Another unfounded rumor that shows trust has been lost.
Who do you trust? What messages do you believe? I have to admit that there are individuals and organizations who I don't trust implicitly. This is based on their past behaviors and messaging that have been totally false or bent by ideology versus facts. The old saying, "Fool me once, shame on me. Fool me twice, shame on me." In today's information age, you need to have "shields up" at all times to ward off misinformation.
Which brings me to one of the current conspiracy theories roaming the Internet these days -- 5G caused/causes COVID-19. See this article, Something in the air.
This rumor has been percolating around the Internet for some time already -- and, not just in England where this story is based on. It is here in the United States and of sufficient threat to have it be noticed by fusion centers looking at threats to critical infrastructures. Don't worry, Seattle, you don't have any 5G (high capacity) in the city. To do that will require contracts with the city of Seattle and they are looking to make as much money as they can off the telecom companies. One comment in the article highlights the confusion. Just because your phone says 5G on it, doesn't mean you have the full capability of 5G:
"In the case of the 5G conspiracy, this haze of ignorance has been aided and abetted by the mobile operators themselves. The 5G hype train has been rolling for years, with fake 5G logos in phones and fanfares for networks that only work on a few streets. Ads shout about 5G’s “revolutionary potential” and promise it will bring a self-driving car to every home and a robot surgeon to every hospital. There’s a lot of talk about what 5G will supposedly do, but very little about what it actually is, which allows people to ignore the simple, even tedious truth: it’s the internet, but faster. And more to the point: it involves a lot of equipment that breaks and has to be fixed by actual people."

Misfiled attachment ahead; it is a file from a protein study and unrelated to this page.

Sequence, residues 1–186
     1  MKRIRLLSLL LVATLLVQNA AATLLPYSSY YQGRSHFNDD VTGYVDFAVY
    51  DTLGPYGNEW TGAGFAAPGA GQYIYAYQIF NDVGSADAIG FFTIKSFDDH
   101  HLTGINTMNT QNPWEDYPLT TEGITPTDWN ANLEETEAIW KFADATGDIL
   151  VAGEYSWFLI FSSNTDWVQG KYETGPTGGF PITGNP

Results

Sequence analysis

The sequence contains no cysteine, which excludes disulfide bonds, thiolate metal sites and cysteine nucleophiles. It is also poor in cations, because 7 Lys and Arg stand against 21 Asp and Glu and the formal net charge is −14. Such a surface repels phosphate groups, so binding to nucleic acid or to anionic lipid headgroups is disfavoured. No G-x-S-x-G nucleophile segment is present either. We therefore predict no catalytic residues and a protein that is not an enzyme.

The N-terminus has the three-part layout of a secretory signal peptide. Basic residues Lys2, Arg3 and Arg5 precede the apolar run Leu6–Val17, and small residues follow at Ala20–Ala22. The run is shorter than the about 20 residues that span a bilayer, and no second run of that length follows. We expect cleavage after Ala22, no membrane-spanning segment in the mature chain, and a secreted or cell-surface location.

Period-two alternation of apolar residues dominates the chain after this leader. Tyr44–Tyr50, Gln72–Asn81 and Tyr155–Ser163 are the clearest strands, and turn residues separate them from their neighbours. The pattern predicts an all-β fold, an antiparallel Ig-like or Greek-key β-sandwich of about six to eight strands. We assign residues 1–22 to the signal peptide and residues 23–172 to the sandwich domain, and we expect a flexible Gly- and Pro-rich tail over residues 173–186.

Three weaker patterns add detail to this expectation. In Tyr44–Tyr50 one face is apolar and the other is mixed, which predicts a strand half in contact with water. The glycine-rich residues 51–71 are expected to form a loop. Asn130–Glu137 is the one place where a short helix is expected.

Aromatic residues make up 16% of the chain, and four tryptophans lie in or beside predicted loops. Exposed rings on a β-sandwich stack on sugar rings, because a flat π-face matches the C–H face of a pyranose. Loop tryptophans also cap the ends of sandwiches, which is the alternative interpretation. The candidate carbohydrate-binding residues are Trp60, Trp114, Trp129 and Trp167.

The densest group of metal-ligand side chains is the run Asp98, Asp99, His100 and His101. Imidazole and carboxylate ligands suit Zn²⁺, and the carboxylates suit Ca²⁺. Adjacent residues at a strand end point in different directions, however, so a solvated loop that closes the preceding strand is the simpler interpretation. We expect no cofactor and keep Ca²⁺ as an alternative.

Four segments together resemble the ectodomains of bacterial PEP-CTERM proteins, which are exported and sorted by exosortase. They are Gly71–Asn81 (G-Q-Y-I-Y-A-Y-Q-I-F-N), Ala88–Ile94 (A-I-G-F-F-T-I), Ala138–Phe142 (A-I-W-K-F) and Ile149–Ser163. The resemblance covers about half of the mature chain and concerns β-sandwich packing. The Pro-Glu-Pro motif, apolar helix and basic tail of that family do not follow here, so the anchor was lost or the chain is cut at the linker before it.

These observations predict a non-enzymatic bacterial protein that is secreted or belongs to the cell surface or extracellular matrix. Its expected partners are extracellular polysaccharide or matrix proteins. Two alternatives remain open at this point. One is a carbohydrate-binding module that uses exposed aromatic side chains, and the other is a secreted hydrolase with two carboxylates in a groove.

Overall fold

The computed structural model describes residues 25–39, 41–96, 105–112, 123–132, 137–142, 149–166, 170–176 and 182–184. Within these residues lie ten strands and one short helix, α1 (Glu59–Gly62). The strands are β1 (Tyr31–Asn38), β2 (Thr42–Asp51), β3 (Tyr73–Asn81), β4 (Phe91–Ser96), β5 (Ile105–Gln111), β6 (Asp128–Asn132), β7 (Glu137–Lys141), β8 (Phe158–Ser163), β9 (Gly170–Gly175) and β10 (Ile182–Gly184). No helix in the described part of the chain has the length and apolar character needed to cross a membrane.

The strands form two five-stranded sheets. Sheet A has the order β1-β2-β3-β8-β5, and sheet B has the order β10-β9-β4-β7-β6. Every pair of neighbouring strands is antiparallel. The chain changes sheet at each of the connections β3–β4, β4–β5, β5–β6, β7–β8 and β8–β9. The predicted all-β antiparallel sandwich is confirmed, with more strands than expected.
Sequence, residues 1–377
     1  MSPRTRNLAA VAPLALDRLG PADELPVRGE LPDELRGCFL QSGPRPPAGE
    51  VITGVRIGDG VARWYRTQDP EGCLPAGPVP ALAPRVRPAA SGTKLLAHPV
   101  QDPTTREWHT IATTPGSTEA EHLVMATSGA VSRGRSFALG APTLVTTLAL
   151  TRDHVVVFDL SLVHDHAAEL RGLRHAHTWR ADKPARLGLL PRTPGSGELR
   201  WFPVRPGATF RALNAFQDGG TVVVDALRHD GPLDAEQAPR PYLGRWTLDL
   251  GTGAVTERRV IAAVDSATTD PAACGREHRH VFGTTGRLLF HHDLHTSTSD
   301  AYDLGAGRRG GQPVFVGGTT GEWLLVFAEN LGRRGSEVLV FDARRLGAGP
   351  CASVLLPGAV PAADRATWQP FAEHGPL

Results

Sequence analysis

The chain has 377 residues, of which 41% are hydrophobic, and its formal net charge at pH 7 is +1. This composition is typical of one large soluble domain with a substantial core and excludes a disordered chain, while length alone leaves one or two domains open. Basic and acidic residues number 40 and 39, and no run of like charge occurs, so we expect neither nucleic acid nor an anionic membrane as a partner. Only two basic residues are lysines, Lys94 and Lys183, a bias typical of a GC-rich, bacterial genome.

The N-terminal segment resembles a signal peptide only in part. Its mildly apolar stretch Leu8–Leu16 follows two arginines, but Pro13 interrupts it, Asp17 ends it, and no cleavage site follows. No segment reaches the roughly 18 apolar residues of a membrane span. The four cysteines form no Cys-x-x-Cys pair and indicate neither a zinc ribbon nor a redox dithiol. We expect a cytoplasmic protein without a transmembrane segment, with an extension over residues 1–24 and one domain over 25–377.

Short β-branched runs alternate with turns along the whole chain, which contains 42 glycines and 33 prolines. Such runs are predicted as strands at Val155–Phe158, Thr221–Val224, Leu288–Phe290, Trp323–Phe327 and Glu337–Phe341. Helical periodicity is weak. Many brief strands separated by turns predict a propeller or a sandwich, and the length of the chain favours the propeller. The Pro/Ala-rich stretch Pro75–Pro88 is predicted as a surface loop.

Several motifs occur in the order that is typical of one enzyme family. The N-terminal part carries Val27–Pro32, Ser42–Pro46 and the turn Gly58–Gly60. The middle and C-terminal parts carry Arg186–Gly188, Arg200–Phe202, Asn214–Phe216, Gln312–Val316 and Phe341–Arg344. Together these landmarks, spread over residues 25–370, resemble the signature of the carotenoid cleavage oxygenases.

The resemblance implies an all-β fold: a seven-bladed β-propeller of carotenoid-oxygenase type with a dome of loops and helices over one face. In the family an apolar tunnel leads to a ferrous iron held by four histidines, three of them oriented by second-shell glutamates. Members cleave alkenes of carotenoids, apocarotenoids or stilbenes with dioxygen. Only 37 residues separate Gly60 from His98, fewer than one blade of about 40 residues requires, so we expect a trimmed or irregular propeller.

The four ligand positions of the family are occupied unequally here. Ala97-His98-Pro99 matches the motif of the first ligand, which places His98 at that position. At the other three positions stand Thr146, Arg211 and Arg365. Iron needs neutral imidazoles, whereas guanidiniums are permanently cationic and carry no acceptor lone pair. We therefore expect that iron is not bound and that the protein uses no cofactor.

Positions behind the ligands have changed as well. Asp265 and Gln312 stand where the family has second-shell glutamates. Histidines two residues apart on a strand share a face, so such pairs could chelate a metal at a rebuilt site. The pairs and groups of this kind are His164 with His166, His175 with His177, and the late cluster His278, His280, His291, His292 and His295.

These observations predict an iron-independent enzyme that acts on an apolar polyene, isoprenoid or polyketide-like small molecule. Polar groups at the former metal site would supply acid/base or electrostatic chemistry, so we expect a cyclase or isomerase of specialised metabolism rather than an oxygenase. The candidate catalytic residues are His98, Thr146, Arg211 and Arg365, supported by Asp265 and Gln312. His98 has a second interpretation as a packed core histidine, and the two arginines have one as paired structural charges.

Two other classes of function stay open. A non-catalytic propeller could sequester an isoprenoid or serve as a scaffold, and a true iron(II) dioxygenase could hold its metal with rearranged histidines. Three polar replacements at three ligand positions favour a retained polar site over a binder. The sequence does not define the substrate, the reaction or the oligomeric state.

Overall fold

Switching topics slightly, there is this quote in the article that is right on the money. It speaks to the interconnectedness of our our modern society and lack of understanding by many people who are getting services who have no connection to how the system all works. See this quote from the linked article:
"The internet and its many delights have always thrived on ... ignorance. We’re encouraged as consumers to ignore the human labor that enables the conveniences that we enjoy. Food, shopping, and transportation all arrive at the push of a button, but the network of warehouse workers, kitchen staff, and delivery drivers that make these transactions possible are hidden from view. It’s only when the system breaks down that their work becomes more visible."
The above feeds into our United States penchant for "fix on failure" mentality for how we care for the public infrastructure or our own homes. Fix the roof when it leaks. Paint the house when it is peeling. I can't tell how many times I've sat in the waiting area at my local car dealership and the maintenance adviser tells the person, e.g., "Your brakes are shot or your timing belt is 25,000 miles overdue for replacement, etc." They hear the cost estimate and then say, "No thanks," thinking -- it still stops, it is still running (until it doesn't).